The Government has announced new Covid-19 restrictions for England amid concern cases of the Omicron variant are doubling every two to three days.
Boris Johnson announced the triggering of further restrictions, including vaccine passports for large venues and the reintroduction of working from home guidance, at a press conference on Wednesday evening.
It comes as leading epidemiologist Professor Neil Ferguson said a January lockdown could not be ruled out if hospitalisations spiral over Christmas and into the New Year.
Booster jab bookings opened for seven million people aged 40 and over on Wednesday and the wait for a third dose has been cut from six months to three amid growing concern about the new strain.
Professor Ferguson, a member of the Scientific Advisory Group for Emergencies (SAGE), said he would like to see ministers introduce stricter rules while the third jab campaign was ramped up.
“Case numbers are doubling at least every three days maybe even every two days at the moment,” he told BBC 4’s Today programme.
“To put that in context it is the same if not faster than we saw with the original strain of the virus in March of last year, so it is a concern.”
He added: “There is a rational just epidemiologically to try and slow this down to give us more time to principally get boosters into people’s arms, because we do think that people who are boosted will have the best level of protection, but also to buy us more time to better characterise the threat.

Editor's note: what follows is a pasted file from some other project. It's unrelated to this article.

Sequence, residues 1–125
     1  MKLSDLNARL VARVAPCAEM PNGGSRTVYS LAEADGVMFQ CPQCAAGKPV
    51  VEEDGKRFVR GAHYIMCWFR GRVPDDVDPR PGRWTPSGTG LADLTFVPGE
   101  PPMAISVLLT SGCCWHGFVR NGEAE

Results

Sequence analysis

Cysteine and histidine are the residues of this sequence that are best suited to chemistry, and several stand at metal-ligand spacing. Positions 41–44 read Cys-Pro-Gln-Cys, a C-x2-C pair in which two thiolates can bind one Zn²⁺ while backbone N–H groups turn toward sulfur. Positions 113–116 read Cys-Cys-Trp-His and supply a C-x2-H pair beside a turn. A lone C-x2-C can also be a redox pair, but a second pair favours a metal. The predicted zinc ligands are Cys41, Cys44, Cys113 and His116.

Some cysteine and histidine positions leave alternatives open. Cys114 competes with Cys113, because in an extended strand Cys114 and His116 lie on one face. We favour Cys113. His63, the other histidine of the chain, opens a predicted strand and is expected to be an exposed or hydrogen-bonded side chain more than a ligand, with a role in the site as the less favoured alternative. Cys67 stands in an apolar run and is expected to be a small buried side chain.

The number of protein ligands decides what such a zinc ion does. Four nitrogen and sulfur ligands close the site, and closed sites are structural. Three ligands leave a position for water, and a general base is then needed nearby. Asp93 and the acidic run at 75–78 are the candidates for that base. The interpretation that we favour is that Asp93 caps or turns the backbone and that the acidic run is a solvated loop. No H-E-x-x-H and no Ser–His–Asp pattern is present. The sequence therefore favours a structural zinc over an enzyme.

“If you imagine a Plan B plus with working from home might slow it down.”
The first lab tests on the Omicron strain in South Africa suggest it can partially evade the Pfizer jab.
However, existing vaccines should still protect people who contract the variant from severe Covid cases, a World Health Organization (WHO) official said on Wednesday.
The UK has some 440 infections identified so far - with over 100 of these discovered in London - and it is “likely to overtake” the dominant Delta variant before Christmas.
Professor Ferguson last year became known as “Professor Lockdown” when his work was key to introducing the first national lockdown in March 2020.
When asked if the UK could see similar restrictions imposed in January, he said “it is difficult to rule out anything” and “it might be possible at the current time”.
He added that Omicron had been “detected it almost every region” in the UK but cases are highest in London, as a the city which sees the largest number of visitors from abroad, and Scotland where the variant could have been “seeded” during the COP26 climate change summit last month.
The Government discussed introducing further restrictions on Tuesday. However sources said the Cabinet was split over Plan B proposals about vaccine passports, working from home advice and mandatory mask wearing in more settings before further data is revealed.
So far Downing Street has been promoting the scaling up of the rollout of booster jabs as the best protection from Omicron.
An outbreak of the variant at a Christmas party in Oslo, where up to 120 revellers were infected, has so far only caused mild disease, Norway’s state epidemiologist has said.
WHO has also said jabs should still protect people who contract the Omicron variant from extreme Covid.
Dr Mike Ryan, the WHO’s emergencies director, said on Wednesday: “We have highly effective vaccines that have proved effective against all the variants so far, in terms of severe disease and hospitalisation, and there’s no reason to expect that it wouldn’t be so for Omicron.”